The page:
I got really bad problem. First of all, I am studying for exams, and we have syllabus for exams. And 80% of questions in this exam are repeated from the past year question papers of last 10 years. I have this weird fantasy that whenever I understand a subject well, I want to dive even deeper to the point I am doing worthless and useless stuffs that won't be asked in exams and wasting my time on them. How do I prevent this idiotic behaviour. It is really not good for getting good grades in exam. Also it makes me feel less confident as I encounter stuffs that I can't learn that easily.

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    "Help, I find the material interesting and want to learn more than is taught in class" Nov 14 '21 at 16:53
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    Can you please clarify: are you getting poor grades, or just not perfect grades?
    – jakebeal
    Nov 14 '21 at 16:57
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    @watcus I'm afraid that I'm rather confused about what question you're actually trying to get answered. Are you trying to ask whether others agree that you're studying "wrong" or are you trying to ask about self-management techniques, or something else entirely?
    – jakebeal
    Nov 14 '21 at 17:11
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    Why must you focus on exams only? Nov 14 '21 at 18:18
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    You might want to pay attention to the language you are using in this question: "really bad", "weird", "worthless", "useless" and "idiotic". It could be that you are judging yourself too harshly. Consider using less loaded words.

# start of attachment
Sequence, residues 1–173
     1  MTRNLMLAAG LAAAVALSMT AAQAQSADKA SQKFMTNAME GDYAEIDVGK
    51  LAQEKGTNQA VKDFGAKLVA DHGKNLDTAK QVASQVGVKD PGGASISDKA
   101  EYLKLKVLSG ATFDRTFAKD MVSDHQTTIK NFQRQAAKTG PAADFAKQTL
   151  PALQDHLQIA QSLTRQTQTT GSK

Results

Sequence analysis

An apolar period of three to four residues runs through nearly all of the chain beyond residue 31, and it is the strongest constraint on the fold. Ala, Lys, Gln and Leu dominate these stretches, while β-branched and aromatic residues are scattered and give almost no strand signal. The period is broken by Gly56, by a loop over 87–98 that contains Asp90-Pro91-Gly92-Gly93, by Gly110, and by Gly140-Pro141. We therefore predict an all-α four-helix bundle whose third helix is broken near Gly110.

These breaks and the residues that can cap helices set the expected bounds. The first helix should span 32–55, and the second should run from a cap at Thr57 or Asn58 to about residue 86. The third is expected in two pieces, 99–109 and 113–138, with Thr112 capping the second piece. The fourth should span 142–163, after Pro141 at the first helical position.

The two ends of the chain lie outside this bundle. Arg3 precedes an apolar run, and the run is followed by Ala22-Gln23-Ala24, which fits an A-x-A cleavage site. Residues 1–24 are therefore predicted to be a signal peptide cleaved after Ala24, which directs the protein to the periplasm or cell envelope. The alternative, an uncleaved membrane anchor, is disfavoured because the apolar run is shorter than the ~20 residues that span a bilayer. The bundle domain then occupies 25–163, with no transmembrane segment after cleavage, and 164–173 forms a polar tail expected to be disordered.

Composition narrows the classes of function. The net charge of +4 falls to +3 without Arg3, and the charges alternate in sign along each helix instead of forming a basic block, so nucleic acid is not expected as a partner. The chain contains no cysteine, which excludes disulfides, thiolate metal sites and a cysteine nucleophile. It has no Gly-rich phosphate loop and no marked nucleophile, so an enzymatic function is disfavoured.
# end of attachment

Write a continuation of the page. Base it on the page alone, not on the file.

– J W
    Nov 15 '21 at 7:54

For the short-term goal of passing exams (and earning credits), you are right to focus somewhat and not become lost diving down too many interesting rabbit holes. However, wanting to learn more is a sign of an eager and curious mind, a thirst for knowledge and a desire to go beyond what may be merely a superficial understanding. That is admirable and entirely healthy if kept in balance. Deeper knowledge can stand you in good stead in your future studies/career and is certainly not worthless! You are already aware of the dangers of getting the balance wrong. Set yourself a time limit - no more than a certain number of hours a day (or week) going beyond the exam material. As for confidence, accept that there is much out there on the frontiers that very few understand well. It is good to get used to that feeling, as you will encounter it again, especially if you become a researcher.


Firstly: please do not be so hard on yourself. What you call "idiotic behaviour" is behavior that most teachers want their students to engage in.

I don't think you should stop wanting to learn more about topics that may have no relevance for the exam. Instead, I think you should first learn the core material that will be on the exam, and then focus on the more interesting material later. This will require good time management skills, but if you can do this, you will satisfy your need to delve deeper into a subject area and get good grades. Of course, you need to have a familiarity with the core material that will be tested in the exam, but please do not think of your interest in "worthless" topics as meaningless. It can be very beneficial, as it could allow you to have more of an understanding about a subject than your classmates who will only study what is required.

In my experience, it is often the case that in exams, the content on the exam will always be a bit more challenging than the content you will study in class. By taking an interest in the subject and finding out more about it than you need to, you may be at an advantage when it comes to answering some of the more difficult questions in the exam.

Please do not stop being curious.

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